General Motors has insisted it will roll out the Chevrolet Volt electric car by 2010, whether not it gets government loans it has said it needs to survive into next year.

Speculation over the Volt's future intensified this week after the automaker delayed construction of a factory in Flint, Michigan, planned to build the car's engine.

There is also no final commitment yet to a new factory in Hamtramck, also in Michigan, where GM has said it will build the much-publicised car.

"Although we are temporarily absolutely stopping all work on everything, the Volt will be out as originally scheduled," a GM executive told Dow Jones Newswires, adding that the project would continue even if the emergency funding was not offered.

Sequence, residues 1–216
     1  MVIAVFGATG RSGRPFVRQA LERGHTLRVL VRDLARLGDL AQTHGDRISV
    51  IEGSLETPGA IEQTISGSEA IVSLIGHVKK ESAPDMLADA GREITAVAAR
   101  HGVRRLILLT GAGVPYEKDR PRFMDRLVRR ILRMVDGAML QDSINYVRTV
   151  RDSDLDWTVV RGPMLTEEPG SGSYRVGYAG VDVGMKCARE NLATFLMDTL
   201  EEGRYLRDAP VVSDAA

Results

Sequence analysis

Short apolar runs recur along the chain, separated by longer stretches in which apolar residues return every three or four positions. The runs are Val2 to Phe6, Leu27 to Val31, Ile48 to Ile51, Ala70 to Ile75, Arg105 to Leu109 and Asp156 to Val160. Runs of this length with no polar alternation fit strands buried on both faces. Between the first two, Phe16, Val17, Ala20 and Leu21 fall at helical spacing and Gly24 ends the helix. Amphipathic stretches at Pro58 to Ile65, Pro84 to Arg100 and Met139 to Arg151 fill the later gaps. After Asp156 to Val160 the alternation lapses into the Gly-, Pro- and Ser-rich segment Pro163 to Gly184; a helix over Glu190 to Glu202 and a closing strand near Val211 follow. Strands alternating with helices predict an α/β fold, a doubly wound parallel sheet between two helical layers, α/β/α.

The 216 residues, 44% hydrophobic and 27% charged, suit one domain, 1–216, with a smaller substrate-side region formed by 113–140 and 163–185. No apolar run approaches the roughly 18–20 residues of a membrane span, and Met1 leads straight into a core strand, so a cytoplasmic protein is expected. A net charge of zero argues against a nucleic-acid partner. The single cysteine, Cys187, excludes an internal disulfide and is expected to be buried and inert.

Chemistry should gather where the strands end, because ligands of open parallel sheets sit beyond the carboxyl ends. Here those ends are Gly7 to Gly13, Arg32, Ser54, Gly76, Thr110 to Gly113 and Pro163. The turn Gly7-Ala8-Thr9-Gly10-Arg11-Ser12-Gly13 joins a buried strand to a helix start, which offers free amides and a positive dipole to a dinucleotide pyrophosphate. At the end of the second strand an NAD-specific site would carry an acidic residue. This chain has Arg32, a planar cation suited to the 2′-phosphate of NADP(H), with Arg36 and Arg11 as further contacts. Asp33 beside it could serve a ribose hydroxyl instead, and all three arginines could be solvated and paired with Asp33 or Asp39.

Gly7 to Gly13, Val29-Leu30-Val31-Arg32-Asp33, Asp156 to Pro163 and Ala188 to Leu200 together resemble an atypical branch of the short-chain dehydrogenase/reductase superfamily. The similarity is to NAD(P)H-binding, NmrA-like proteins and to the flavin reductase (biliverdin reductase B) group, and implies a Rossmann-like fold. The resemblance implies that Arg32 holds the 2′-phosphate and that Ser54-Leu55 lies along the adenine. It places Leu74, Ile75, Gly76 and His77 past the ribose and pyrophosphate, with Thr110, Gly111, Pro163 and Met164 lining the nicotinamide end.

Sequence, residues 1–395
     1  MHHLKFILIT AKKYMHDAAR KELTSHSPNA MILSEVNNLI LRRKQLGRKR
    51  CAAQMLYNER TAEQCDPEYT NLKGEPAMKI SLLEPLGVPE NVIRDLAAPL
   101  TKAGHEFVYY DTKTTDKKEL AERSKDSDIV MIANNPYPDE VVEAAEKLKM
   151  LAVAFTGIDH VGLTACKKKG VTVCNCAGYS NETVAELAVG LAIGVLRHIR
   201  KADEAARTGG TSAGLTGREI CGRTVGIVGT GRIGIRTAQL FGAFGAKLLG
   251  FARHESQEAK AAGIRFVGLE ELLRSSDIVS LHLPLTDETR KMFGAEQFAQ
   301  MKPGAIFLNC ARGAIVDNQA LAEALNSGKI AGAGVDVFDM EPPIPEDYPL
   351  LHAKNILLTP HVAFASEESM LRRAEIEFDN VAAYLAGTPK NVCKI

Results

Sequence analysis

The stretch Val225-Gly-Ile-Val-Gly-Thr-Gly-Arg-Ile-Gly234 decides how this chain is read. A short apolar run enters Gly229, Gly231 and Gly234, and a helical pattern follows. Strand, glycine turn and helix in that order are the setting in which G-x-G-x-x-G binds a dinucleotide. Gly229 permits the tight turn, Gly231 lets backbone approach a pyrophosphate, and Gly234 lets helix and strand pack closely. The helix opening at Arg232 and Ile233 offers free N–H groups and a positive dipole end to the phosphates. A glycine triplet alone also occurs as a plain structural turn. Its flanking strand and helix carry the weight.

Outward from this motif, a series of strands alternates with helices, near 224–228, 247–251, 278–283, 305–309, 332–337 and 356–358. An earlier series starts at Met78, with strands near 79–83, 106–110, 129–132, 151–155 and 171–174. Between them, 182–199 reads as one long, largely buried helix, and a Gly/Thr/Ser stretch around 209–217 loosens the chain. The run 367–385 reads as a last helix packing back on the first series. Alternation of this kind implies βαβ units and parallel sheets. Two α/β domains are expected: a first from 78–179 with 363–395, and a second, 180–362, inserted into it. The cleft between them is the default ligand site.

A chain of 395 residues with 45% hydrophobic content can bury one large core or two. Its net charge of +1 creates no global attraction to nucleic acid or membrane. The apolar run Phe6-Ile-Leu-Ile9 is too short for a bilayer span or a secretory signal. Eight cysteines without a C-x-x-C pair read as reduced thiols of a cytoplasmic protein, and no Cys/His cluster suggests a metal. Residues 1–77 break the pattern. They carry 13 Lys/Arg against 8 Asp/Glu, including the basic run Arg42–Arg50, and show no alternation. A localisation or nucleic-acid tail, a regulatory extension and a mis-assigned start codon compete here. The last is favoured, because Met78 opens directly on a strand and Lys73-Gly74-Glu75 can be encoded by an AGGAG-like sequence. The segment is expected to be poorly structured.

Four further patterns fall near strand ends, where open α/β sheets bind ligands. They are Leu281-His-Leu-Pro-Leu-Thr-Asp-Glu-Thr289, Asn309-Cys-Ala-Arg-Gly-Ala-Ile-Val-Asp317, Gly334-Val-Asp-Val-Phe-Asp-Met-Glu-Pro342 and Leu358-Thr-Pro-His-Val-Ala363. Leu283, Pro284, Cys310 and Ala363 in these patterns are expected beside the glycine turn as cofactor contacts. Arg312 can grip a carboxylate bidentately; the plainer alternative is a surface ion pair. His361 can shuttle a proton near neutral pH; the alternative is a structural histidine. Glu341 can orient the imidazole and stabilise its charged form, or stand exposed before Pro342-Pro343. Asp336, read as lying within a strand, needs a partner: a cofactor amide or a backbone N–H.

Sources told the news agency GM would still have some funding for new model, even if forced into bankruptcy, while the 1.4-litre engine that powers the generator when the plug-in electric car's battery is depleted could be sourced from other company factories overseas already building it.

GM spokeswoman Sharon Basel told Reuters GM had decided to suspend construction work on the Flint engine plant as its cash crunch worsened but the automaker hoped the suspension would only be temporary.

"It's on a temporary hold, and what that means is that we're not going to be committing to any cash outlays for structural steel or other things," Basel told the news agency. "In the last month, things became extremely dire."

Flint was also to build a turbocharged version of the 1.4-litre engine for the Chevrolet Cruze small car but, as the Cruze is also being built elsewhere, engines for US models could be imported from overseas initially.

Basel also said there had been no change to GM's commitment to push ahead with the Volt for a launch in 2010. "There is no impact on the start of production," she said.

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